February 9, 2015 by Paul Goldsmith
The debate around Labour’s relationship with the business community at the moment is about many things. One could say it’s about a bunch of very rich people running scared of a party that it likely to tax their income and property more. One could say it’s about a bunch of capitalists running scared of the extra regulation that Ed Miliband has talked about in many different areas. It’s actually not really about any of those. It’s far more about a feeling, shared by people in and out of the business community, that this Labour Party has no concept of any positive contribution that private sector profit makes to our economy. That Miliband doesn’t ‘get’ profit.
It didn’t help that the debate started last week with an attack on Miliband and Labour by Stefano Pessina, the Chief Executive of Alliance Boots. Pessina used the term ‘catastrophe’ to describe an incoming Labour-led government. Pessina, unhelpfully, is an Italian billionaire who lives in Monaco and runs a company that last year avoided £1 billion of corporation tax. This meant that Miliband and friends could very easily ‘play the man and not the ball’, by pointing out the above and not actually answering any of Pessina’s challenges.
Then Lord Stuart Rose, the man who revived Marks & Spencer from the doldrums in 2004, expressed his concerns that the rises in corporation tax that Labour were talking about (taxes on company profits) would result, because they would reduce investment, in shuttered shops on high street and more unemployment. Again, instead of answering this, Labour attacked the man again, pointing out some of the areas in which Rose hadn’t done so well when in charge of M&S.
Further problems arose when Ed Balls, the Shadow Chancellor, asked on Newsnight to name a single business leader who supported Labour, couldn’t do it successfully, ending up saying “Bill Somebody”, instead of Bill Thomas, the former head of EDS, which became David Cameron’s taunt to Miliband in PMQs the next day, that Labour’s entire political strategy is to ‘bill somebody’.
More arrived, as Luke Johnson, the serial entrepreneur who created Pizza Express, jumped in with articles and interviews in which he expressed concern that so little of Labour’s MPs and current Parliamentary candidates had any experience outside the public sector. It is very difficult to understand the challenges for people who create businesses if you have never created one. It is very difficult to understand the challenges of generating the profit needed to create jobs and invest in new technology, innovation and increased productivity if you have never had to actually generate a profit to employ people. I always think here of a friend of mine who runs a company and who has a picture of his employees’ children on his office wall to remind him who his decisions end up feeding. Labour’s politicians, having never been in this position, seem not to understand.
Too often, they see the quantum of profit rather than the actual profit margin. When you are an energy company, £4bn profit seems a lot. But for a company that big it is only about a 4% profit margin, which is less than supermarkets. Now, I’m not saying the energy companies are perfect, but they DO need to generate profit in order to invest in increasing capacity and in more environmentally friendly energy, and Miliband’s constant hounding of the industry is discouraging that investment.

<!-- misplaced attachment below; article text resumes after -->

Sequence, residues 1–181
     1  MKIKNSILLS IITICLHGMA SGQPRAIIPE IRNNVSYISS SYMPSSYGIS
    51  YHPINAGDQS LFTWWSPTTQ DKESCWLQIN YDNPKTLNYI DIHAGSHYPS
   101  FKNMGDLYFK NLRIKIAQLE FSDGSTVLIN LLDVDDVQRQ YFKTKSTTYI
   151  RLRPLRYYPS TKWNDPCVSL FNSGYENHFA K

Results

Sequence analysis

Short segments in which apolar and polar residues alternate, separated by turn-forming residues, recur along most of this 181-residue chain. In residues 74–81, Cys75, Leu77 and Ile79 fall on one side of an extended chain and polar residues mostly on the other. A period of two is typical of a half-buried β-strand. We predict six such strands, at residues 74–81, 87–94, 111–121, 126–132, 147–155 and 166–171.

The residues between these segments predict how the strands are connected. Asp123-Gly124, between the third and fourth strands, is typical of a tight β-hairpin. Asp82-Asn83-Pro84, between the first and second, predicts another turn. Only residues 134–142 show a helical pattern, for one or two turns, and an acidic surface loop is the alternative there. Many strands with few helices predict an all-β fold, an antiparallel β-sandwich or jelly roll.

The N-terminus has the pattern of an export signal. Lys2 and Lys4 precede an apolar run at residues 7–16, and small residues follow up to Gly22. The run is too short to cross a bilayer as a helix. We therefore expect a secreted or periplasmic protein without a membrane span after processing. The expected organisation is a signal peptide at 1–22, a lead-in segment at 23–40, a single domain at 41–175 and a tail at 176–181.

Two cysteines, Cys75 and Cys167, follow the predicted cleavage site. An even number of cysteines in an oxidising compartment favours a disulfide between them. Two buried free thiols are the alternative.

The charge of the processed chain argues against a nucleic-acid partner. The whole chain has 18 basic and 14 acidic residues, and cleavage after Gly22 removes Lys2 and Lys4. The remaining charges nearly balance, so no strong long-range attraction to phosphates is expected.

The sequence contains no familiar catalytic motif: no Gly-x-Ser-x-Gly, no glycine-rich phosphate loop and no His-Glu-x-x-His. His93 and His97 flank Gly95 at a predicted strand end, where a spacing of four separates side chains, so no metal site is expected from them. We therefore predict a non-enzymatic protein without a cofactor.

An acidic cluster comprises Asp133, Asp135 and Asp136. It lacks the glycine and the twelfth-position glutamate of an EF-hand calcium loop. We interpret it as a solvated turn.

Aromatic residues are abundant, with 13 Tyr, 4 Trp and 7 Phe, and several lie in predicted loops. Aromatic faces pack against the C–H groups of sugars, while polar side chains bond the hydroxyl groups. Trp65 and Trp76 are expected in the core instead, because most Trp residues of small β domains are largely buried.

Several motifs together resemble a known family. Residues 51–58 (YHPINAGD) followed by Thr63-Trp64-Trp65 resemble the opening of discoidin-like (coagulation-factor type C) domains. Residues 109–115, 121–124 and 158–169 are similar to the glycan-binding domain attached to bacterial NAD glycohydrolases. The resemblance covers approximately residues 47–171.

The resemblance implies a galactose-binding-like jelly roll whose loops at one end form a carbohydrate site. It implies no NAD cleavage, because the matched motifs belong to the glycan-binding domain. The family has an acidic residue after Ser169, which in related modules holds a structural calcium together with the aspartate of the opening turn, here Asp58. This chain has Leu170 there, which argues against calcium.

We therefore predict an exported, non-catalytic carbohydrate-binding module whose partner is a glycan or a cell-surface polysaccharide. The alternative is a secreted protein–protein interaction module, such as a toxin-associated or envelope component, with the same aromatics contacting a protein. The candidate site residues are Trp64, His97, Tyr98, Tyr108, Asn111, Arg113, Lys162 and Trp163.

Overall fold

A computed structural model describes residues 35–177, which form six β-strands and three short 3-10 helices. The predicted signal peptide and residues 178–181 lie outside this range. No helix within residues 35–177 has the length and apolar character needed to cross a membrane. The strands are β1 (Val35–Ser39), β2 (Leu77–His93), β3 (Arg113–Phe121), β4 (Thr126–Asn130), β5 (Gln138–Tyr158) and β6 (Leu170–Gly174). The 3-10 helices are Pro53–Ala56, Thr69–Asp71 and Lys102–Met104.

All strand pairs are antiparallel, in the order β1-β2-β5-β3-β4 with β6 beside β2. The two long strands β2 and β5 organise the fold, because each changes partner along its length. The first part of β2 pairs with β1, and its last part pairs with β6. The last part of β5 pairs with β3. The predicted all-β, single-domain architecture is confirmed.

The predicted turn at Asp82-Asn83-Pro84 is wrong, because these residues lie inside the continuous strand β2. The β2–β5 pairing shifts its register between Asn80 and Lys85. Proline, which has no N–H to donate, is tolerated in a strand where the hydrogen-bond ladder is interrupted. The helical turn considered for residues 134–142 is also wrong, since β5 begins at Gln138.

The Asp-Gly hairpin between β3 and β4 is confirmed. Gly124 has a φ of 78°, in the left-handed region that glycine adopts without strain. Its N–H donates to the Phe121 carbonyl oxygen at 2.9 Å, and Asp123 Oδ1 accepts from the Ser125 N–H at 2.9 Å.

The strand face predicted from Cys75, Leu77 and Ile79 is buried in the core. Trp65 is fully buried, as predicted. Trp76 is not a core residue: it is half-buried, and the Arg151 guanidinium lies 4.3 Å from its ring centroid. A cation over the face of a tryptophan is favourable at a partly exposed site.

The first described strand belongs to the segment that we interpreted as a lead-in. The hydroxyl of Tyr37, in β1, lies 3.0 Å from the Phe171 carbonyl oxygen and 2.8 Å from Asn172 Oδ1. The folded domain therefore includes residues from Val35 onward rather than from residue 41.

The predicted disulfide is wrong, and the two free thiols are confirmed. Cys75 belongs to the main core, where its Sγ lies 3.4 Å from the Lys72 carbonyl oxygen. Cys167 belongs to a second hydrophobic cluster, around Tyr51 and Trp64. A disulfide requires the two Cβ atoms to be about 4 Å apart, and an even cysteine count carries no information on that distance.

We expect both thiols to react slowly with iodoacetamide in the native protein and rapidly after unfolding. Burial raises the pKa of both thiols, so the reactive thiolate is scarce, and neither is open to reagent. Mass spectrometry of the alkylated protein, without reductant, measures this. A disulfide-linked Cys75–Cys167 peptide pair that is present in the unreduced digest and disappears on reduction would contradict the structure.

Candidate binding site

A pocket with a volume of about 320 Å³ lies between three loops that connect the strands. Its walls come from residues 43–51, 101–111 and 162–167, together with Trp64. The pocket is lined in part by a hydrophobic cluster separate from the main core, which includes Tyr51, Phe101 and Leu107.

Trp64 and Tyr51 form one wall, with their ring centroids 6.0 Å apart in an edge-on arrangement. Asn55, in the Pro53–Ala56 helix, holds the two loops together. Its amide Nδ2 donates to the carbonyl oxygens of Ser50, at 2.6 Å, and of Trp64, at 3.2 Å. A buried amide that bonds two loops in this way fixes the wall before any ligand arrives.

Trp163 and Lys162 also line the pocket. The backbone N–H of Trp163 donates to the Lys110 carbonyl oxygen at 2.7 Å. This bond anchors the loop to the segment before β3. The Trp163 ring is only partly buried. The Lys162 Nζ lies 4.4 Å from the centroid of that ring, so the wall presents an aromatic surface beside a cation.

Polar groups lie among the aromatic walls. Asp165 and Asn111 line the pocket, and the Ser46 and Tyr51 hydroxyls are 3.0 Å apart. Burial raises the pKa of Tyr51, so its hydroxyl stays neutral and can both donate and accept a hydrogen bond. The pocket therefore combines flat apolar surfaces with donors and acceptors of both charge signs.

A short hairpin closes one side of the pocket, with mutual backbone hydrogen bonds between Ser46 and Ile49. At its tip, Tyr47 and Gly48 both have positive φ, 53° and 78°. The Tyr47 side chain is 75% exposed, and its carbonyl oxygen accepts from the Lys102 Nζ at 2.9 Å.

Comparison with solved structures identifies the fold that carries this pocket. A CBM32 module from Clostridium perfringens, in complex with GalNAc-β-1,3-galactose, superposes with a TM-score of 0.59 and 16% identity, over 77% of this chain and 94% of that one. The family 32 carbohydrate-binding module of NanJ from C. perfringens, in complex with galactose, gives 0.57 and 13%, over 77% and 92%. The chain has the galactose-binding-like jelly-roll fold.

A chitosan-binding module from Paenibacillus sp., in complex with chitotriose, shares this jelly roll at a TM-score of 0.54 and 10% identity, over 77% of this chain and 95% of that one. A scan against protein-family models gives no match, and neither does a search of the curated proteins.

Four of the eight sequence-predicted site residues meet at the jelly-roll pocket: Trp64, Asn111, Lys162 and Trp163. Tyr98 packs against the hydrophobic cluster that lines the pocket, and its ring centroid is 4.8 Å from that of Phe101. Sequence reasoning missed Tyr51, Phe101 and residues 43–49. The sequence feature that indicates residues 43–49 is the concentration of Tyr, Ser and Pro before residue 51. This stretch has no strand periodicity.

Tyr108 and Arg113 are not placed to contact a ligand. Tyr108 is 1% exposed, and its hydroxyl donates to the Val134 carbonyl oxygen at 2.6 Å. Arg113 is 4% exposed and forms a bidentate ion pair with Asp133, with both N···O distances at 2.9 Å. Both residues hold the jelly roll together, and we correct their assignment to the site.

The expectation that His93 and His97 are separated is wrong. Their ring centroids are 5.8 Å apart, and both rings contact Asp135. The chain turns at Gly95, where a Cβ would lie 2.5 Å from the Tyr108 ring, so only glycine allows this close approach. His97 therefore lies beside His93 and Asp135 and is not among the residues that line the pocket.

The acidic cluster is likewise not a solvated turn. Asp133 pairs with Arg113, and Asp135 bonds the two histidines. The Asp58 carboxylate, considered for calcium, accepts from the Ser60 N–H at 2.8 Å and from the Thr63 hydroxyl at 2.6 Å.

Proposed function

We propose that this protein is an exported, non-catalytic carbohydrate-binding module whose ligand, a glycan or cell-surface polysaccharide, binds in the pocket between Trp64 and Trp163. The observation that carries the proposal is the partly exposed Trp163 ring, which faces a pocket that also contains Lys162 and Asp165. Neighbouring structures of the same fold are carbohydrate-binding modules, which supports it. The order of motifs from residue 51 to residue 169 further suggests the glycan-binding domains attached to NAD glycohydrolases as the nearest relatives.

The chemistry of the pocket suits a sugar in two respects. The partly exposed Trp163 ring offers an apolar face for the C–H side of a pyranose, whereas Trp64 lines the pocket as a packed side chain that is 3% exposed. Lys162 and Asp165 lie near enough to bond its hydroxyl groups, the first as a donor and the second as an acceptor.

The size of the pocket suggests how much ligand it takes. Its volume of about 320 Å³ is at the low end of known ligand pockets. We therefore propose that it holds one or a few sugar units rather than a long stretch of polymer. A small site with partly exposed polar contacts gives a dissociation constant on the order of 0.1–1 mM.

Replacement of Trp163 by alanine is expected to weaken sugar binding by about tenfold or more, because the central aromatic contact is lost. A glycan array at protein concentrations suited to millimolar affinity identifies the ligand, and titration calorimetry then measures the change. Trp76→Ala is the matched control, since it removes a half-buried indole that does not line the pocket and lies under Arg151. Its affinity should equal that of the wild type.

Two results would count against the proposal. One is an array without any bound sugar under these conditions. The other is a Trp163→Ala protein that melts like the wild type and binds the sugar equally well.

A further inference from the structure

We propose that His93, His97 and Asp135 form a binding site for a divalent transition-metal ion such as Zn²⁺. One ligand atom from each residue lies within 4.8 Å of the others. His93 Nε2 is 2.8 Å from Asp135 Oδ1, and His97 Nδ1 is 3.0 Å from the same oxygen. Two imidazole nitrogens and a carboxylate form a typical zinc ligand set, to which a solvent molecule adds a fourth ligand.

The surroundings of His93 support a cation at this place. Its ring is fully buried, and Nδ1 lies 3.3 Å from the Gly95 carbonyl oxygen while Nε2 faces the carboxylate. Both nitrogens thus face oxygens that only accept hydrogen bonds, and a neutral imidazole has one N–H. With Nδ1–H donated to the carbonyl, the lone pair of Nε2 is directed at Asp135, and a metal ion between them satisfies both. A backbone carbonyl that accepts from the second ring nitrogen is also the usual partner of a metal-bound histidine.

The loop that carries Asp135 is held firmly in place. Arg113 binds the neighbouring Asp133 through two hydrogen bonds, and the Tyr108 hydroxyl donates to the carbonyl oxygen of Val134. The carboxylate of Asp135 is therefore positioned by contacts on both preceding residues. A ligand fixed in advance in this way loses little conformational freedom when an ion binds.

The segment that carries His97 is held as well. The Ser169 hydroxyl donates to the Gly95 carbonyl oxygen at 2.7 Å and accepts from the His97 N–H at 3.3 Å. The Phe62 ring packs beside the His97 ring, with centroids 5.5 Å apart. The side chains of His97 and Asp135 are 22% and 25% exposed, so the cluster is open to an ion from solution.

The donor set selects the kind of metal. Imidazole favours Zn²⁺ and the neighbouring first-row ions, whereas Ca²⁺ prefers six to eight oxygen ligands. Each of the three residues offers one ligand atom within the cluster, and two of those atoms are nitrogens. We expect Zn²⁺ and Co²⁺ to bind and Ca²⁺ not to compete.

Yet, it’s all very well me saying that profit is important, but where I do see Ed Miliband’s point is in his distinction between responsible and predatory capitalism. Also, his observations that the profits generated are being distributed differently than before. Put simply, wealth creation is happening, but it is being created for the owners of companies far more than ever before, a point made by Thomas Piketty in his book ‘Capital’ last year. Those who own capital are keeping the fruits of their entrepreneurship and those who offer their labour are receiving far less than before. Profits are creating jobs, but they are very low paid jobs. Many profits from the labour of employees in this country are going abroad as the free movement of capital in the EU means some of the ‘commanding heights’ of the economy are owned by EU companies. This freedom of movement of capital is often ignored as an issue as it is obscured by the debate over freedom of movement of labour. Meanwhile, wealth creation isn’t resulting in a rise in tax revenue for the government either, as income tax revenue is falling due to the low wages, and corporation tax is too easily avoided by the larger, transnational companies that dominate this country’s economy.
My point is that Ed Miliband is often on the right side of issues, and points out problems that David Cameron shies away from. But his policy prescriptions are too populist, show little understanding of the purpose of profit, and thus are too easy to dismiss by those in business who he most frequently attacks.
So, my advice for Miliband, who has, after all, a degree in Politics, Philosophy AND Economics, is to give a speech over the next few weeks in which he shows a proper understanding of the benefits of the private sector, and the benefits of them producing profit. He has a trump card in his pocket, which is that he is not playing politics with the EU at the moment, as he is not offering a referendum on our place in it, and businesses by and large want to remain in the EU. Mostly though he needs to show that he has some policy ideas that help MORE profit to be made, not just to restrict it, and then redistribute that restricted profit. It’s a fine balance, but he is on the wrong side of it at the moment.